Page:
The Portland Timbers came up against their Providence Park kryptonite on Saturday night. In the Caleb Porter Era, the Timbers now sit 1-3-1 against SKC in the Rose City.
Aside from the Timbers’ ten-v-ten 3-0 home drubbing of the Wiz on August 7, 2016, the Timbers have one point from the other four games against Kansas City at Providence Park. And get this: In those four games the Timbers have scored a combined zero goals.
Zero goals in four of five home games against SKC in the Porter Era. An era, mind you, when the Timbers have typically featured one of the more prolific attacks in MLS.
There comes a point when you just have to tip your cap to Peter Vermes and his team. They know how to play against this team in this building.
And there also comes a point when the Timbers need to figure out how to solve that problem.
So why does this happen? Why is SKC so effective against the Timbers at Providence Park?
Everything Sporting Kansas City does is based on disruption. They play a true 4-3-3, with two high wingers supported by an inverted central-midfield triangle of a true six and, in effect, two eights. Although Benny Feilhaber can certainly be a ten-like playmaking presence in the attack at times, he defends like an eight alongside Ilie Sanchez (the six) and Roger Espinoza (a true eight).
As a result, SKC brings defensive numbers to shut down the middle and to support the flanks while, because of the work-rate of Dom Dwyer and the playmaking ability of Benny Feilhaber, maintaining a much more legitimate attacking unit than you typically see from three defensive-midfielder systems.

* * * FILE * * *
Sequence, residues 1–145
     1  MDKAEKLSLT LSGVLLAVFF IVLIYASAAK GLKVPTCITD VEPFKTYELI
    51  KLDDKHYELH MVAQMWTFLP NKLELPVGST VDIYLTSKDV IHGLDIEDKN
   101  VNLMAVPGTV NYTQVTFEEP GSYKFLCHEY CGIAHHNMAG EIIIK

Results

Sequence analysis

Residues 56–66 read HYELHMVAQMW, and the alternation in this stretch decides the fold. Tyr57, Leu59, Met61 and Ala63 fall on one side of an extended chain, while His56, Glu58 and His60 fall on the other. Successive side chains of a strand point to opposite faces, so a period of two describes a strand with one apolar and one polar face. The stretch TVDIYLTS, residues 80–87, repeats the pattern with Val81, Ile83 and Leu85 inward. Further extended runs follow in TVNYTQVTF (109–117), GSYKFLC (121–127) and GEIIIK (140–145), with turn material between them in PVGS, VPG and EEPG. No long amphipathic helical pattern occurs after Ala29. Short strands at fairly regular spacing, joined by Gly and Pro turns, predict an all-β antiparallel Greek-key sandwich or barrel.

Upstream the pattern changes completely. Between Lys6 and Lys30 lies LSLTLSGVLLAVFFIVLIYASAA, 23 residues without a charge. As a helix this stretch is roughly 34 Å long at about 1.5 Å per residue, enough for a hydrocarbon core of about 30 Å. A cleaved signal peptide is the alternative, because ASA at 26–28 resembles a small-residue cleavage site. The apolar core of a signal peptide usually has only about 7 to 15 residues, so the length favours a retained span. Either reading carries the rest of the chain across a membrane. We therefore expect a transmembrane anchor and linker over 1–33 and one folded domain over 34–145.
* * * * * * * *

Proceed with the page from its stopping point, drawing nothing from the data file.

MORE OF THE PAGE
But that’s not it. When it comes to wide players, Peter Vermes very much as a type: Workhorses.
Vermes pushes both of his fullbacks high into the attack, while expecting them to be able to cover the ground necessary to quickly close holes in behind and to bring a physicality necessary to prevent teams from breaking out on the counter in the first instance. And in order to play at SKC, Vermes requires his wingers to be maniacally-working, two-way players, pushing high and wide in the attack but covering the fullbacks in defense in order to — in combination with the three-man central midfield — create a block of nine defenders.
That work-rate form the wide players, in particular, is what people are referring to when they talk about “Sporting Fit.”
And it’s really hard to break down. With the extra central-midfield defender, though, typically the place to attack SKC will be wide where the numbers are normal and where Vermes asks a lot of his players in both the attack and in defense.
But, quite simply, the Timbers weren’t good in wide attacking areas on Saturday. With two wingers who like to play in from the channels and in, the Timbers rely on their fullbacks for attacking width. But neither Marco Farfan nor Alvas Powell got into threatening attacking spots with any regularity on Saturday, which pushed the Timbers into the middle of the field and the teeth of the SKC defense.
That’s basically the way it worked for Sporting on Saturday. They were aggressive and physical with the Timbers in transition, packed the middle in defense, and worked their butts off on the wings. As a result — and to Sporting’s credit — they stymied the Timbers. And as the game went along, errors that SKC forced the Timbers into with their pressure and work-rate turned into unforced errors caused by the lack of rhythm in the game.
And, really, so it’s been between these two teams at Providence Park in the Caleb Porter Era.
There’s real risk to the way SKC plays, though, which is why Vermes’s death-march formula hasn’t really caught on elsewhere.